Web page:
Safety and Security in Malawi
Malawi is one of the safest African countries for tourists and business travellers. Malawians are known for their friendly and warm-hearted nature. However, taking the usual precautions with valuables is always sensible, especially around the main bus stations in Lilongwe and Blantyre.
There is no significant risk attached to walking around the city centres by day but avoid wandering alone along unlit streets at night. Ask for a taxi at the hotel reception desk, or plan to travel by day. For those going to bars or clubs, having local friends or a guide to accompany you is advisable.
It is strongly advised not to carry more money or valuables than you need, to avoid attracting criminals. Keep your bar cash separate from your money for a taxi and show only the fare you have agreed to pay. Report any thefts to the police as soon as possible.
Driving in Malawi can be hazardous. Always wear a seatbelt and avoid travel after dark. Potholes, animals, abandoned vehicles and cyclists can cause serious accidents, as can vehicles travelling at night without lights. Lock car doors and keep windows closed. Armed carjacking is also a risk, especially for drivers of four-by-four vehicles. Don’t offer lifts to strangers and look out for obstructions in the road ahead.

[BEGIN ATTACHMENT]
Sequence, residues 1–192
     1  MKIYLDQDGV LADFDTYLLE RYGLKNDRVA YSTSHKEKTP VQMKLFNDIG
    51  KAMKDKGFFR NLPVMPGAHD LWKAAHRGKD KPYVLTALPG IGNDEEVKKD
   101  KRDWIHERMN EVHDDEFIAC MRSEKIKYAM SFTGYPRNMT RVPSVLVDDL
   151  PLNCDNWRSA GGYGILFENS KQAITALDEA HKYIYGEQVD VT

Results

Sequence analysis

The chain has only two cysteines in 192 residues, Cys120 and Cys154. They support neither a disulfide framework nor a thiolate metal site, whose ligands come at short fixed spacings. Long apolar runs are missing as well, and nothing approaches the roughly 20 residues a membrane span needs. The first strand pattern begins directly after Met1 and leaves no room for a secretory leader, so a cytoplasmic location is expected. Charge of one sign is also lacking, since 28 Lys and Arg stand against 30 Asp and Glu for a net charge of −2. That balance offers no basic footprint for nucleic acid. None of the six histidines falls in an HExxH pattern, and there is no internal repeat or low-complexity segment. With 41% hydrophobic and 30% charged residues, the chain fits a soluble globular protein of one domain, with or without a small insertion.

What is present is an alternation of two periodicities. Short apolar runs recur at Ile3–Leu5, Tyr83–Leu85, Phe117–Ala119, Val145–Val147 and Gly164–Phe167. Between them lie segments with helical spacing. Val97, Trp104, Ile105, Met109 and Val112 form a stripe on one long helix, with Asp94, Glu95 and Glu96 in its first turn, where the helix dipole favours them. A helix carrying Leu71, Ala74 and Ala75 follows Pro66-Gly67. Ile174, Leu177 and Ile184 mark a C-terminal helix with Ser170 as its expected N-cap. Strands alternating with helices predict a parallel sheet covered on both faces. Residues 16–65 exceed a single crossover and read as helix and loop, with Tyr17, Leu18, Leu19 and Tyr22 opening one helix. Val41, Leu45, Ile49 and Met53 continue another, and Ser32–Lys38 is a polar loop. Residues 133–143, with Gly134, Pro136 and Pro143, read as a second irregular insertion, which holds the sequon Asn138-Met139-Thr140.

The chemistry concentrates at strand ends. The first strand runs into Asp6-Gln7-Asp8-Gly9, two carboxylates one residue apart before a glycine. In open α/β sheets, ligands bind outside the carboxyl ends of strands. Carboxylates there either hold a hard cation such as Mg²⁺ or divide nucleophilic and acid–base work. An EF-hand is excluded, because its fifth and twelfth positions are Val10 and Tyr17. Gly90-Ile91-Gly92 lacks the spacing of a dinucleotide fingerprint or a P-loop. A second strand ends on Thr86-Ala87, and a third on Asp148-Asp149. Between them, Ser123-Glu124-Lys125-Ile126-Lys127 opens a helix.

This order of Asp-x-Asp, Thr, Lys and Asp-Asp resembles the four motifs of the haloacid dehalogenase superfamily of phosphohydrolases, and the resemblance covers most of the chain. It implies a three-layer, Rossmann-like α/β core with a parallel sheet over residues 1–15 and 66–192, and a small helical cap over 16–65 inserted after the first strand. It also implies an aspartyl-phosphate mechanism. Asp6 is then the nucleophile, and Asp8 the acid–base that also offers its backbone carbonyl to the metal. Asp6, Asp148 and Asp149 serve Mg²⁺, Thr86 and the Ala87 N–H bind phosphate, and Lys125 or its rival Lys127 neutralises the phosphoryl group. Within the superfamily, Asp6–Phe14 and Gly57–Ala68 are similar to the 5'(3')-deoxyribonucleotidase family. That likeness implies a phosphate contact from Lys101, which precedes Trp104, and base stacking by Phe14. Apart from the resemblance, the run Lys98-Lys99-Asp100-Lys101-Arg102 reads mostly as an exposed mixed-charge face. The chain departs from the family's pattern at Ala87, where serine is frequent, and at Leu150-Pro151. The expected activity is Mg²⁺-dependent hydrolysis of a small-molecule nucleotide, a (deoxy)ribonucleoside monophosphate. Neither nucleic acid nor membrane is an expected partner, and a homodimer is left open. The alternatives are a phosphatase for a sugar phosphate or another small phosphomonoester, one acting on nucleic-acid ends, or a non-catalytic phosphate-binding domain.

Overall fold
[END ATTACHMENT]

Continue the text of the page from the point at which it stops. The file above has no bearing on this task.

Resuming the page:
Spontaneous demonstrations related to governance and economic issues can occur. You should avoid political rallies and street demonstrations and should monitor local media.
Between September and December 2017, there was a period of unrest and violence in the Mount Mulanje area, surrounding districts of Thyolo, Chirazulu and Phalombe and also in rural parts of Blantyre, Zomba and Nsanje districts. You should continue to exercise extreme caution if you’re travelling in these areas, avoid any demonstrations or large groups of people and follow local security advice.
- Police (city response) 997
- Police (national response) 990
- Ambulance 998
- Fire department 999